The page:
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Farewell from People for Peat

Apr 28, 2023 by People for Peat


T H E    P E A T    P E R S P E C T I V E

ISSUE 007   |   APRIL 2023


Greetings Friends of Peat,

As cliche as it sounds, all good things come to an end. The People for Peat journey is ending after 4 incredible years. We have truly enjoyed journeying through Southeast Asia’s peatland landscapes with you and sharing our ups and downs.

In this final edition of the newsletter, let’s walk down memory lane and revisit all the beautiful places we’ve been to while paying tribute to the amazing community leaders and members fighting to conserve and preserve their peatlands. We will also shine the light on other NGOs and bodies who are forging a new path on peatlands.

Ready? Let’s go.

Less than 3% of the landmass in the Philippines is classified as peatlands. This includes the Agusan Marsh and Leyte Sab-a Basin, with many unverified peatlands dotted around the archipelago. With a size of around 3,000 hectares, Leyte Sab-a plays a significant role as a carbon sink in the country.

Philippines Friends of Peat:
1. Women Enablers Advocates & Volunteers for Empowering & Responsive Solutions (WEAVERS): Facebook
2. Forest Foundation Philippines: Facebook
3. International Institute of Rural Reconstruction (IIRR): Facebook
4. The Peat by Wild Wild Pigs: Facebook
Vietnam has an estimated 12,983ha of peatlands, approximately 12,000ha of which is located in the Mekong Delta. The U Minh Ha National Park is one of Vietnam’s last remaining fragments of peat swamp forest and home to several globally threatened species. 
Thailand’s peatlands are believed to be concentrated in the South, mainly in Narathiwat, Nakhon Si Thammarat, Songkhla, Phatthalung, Trang, and Surat Thani. The Thale Noi Non-Hunting Area in Phatthalung is a protected biodiversity hotspot which consists of peat swamp forests, rice fields, and lush grasslands. 
Thailand Friends of Peat:
1. Thale Noi Wetland Foundation: Facebook
2. Pin Rapee Bilingual School: Facebook
3. BTLLAgroforestry: Blog | Facebook

Thailand Research:
1. Plant Community Composition and Their Economic Valuation in Secondary Peat Swamp Forests, Southern Thailand
Malaysia has the second largest extent of peatlands in Southeast Asia. Among them is Ayer Hitam Utara Forest Reserve in Muar, Johor. It is the largest and last remaining peat swamp forest in the state of Johor and also the only peat swamp forest recognised and protected as a Forest State Park in Peninsular Malaysia.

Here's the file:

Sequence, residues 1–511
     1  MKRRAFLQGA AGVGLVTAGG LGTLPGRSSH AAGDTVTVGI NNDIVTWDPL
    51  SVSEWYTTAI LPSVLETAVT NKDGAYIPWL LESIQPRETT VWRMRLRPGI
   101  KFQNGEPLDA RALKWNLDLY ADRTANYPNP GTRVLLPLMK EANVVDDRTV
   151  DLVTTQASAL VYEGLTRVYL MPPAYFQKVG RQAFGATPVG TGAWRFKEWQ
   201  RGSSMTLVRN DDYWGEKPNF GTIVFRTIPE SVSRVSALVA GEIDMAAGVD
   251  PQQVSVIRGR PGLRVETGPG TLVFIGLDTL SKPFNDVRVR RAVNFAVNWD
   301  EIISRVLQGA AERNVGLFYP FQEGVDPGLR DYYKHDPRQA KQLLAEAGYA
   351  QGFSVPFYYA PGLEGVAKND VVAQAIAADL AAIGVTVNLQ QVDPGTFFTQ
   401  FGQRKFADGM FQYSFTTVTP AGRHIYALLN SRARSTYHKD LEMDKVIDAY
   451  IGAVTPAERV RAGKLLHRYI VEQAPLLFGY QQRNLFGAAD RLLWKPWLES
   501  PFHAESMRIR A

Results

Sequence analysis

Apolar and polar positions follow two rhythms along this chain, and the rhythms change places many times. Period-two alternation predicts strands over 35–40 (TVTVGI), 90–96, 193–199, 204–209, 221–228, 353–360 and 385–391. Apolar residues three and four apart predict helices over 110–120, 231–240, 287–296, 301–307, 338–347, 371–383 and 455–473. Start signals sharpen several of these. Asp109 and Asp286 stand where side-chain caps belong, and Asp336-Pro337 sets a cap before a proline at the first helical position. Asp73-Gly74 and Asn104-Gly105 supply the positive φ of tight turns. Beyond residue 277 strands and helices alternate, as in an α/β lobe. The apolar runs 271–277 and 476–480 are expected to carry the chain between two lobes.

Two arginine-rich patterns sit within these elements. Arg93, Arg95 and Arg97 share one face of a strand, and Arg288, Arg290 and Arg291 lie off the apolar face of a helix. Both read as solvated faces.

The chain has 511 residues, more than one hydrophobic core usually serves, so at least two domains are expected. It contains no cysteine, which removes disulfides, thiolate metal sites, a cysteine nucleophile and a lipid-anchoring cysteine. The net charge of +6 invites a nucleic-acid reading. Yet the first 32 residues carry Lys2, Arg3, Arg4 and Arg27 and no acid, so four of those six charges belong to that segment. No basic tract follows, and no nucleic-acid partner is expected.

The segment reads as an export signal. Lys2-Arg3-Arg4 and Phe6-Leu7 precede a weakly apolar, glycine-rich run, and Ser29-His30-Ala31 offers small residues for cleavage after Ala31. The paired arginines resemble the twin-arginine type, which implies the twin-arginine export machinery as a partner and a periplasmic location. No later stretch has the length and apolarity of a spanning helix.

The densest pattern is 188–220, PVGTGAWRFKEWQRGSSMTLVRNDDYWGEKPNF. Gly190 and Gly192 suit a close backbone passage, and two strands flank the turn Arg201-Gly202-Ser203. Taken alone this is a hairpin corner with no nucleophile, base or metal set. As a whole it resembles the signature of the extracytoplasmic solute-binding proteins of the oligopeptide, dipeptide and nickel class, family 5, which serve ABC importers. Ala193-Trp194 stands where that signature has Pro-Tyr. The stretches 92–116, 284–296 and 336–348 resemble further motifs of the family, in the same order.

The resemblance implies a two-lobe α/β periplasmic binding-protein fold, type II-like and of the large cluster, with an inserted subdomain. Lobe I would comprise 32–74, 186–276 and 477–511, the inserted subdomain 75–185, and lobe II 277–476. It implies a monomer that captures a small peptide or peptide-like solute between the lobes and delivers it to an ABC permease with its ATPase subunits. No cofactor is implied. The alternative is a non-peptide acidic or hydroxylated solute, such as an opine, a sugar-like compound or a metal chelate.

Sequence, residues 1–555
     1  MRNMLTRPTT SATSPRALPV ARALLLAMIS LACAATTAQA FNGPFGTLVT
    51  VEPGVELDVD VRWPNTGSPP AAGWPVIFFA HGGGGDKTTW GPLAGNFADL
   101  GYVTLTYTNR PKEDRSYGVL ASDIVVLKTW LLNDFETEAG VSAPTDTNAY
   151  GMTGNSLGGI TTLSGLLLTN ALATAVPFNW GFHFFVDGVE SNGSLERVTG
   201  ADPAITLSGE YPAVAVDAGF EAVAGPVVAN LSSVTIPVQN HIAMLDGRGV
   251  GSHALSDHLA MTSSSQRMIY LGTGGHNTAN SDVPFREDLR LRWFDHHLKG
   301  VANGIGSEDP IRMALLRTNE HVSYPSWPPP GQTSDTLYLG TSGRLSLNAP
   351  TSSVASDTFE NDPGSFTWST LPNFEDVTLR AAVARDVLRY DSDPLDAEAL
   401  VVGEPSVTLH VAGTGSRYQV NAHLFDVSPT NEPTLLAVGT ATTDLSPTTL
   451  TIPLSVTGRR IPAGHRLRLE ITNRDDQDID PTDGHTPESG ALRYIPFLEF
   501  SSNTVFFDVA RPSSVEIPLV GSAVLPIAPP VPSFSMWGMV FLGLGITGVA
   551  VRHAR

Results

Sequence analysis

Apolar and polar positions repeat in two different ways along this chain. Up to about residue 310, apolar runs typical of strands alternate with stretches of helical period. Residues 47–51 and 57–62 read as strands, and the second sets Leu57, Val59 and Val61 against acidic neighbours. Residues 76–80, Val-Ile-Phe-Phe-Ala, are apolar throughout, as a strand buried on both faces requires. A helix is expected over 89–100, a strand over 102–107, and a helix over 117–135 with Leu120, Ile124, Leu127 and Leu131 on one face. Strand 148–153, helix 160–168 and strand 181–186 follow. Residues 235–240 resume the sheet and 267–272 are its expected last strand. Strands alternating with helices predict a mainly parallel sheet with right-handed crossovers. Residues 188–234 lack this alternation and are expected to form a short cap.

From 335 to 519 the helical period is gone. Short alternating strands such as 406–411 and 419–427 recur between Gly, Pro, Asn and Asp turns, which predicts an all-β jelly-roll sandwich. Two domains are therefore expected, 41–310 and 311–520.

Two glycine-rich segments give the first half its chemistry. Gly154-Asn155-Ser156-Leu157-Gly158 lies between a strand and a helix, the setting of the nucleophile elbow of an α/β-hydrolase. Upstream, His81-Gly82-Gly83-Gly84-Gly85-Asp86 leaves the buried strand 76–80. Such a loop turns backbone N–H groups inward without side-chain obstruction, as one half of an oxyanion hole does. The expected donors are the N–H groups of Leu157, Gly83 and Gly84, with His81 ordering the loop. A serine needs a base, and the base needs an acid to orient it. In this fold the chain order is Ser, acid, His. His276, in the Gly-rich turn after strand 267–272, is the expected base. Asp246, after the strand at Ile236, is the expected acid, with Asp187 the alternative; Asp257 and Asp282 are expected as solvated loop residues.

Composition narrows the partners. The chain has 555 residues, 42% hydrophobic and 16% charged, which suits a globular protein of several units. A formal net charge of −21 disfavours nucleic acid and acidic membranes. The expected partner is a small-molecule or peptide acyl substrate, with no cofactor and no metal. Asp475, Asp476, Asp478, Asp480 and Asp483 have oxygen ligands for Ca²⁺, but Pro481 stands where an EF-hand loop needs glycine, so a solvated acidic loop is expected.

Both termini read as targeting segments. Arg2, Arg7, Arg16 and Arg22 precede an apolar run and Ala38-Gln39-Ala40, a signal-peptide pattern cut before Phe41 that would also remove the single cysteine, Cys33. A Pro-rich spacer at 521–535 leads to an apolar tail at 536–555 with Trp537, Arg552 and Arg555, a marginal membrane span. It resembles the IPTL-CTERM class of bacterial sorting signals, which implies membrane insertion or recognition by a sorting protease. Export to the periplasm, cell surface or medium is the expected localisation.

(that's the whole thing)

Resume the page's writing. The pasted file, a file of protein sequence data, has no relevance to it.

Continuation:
Photo by Raras Cahyafitri, WRI
Indonesia has the largest tropical peatland area in the world at around 25 million hectares. Permata Village in West Kalimantan is one of the many communities that call peatlands home. This community shies away from monoculture and also practices "Tumbang Imas" - a fire-free method of peatland clearing. 

Peatlands are so new in Laos that there isn’t an official word for them. In fact, the government only officially defined peatlands and published a map of them in 2019. Initial surveys have identified peatlands scattered throughout the country from North to South. Some of them, such as Nong Youb, are estimated to be thousands of years old. 

Research and knowledge about peatlands in Cambodia is in its infancy. While there is no national definition of “peatlands” in the country, the government and people have embraced the importance of this critical ecosystem. Among the identified peatland areas are the Peam Krasop Wildlife Sanctuary (PWKS) and the Botum Sakor National Park. 
Cambodia Friends of Peat:
1. Mlup Baitong: Website

Cambodia Stories
1. Cambodia: Peam Krasop Wildlife Sanctuary

As peatland awareness in Myanmar is only about a decade-old, there are no comprehensive or specific peatland maps. So far, research has identified several areas as peatlands, including Inle Lake and Heho Basin.
|      I N T E R N A T I O N A L    L E N S     | 
Mekong Peatlands Project

The Mekong Peatlands Project is focused on Mekong countries - Lao PDR, Cambodia, and Myanmar - and implemented by the International Union for Conservation of Nature (IUCN). The project works in collaboration with partners and government agencies to sustainably manage peatland ecosystems in targeted countries and to conserve biodiversity and reduce greenhouse gas (GHG) emissions.

"We feel incredibly lucky to have had the opportunity to work with so many dedicated and passionate peatland communities over the course of this project. Peatlands conservation cannot happen in a silo. Governments, non-governmental organisations, and communities must work hand in hand to ensure lasting change.

We hope the networks we have helped build will endure and the data we have contributed to will inform official policy in Southeast Asia. People for Peat’s time might be over, but our peatlands must last forever. Thank you for allowing us to be a part of this peatland story.”

The People for Peat Coalition
Thank you again for all your support in making this project possible. We appreciate the kind attention and amplification of the work we and our partners have been doing over the past four years. We hope that along this journey you have been as inspired as we have, and will be invigorated to continue the work of the sustainable use of peatlands for haze mitigation in ASEAN. We wish you well on your journey, may we cross peatland paths again!

People for Peat
World Resources Institute Indonesia | Tropical Rainforest Conservation & Research Centre | Yayasan Inisiatif Dagang Hijau



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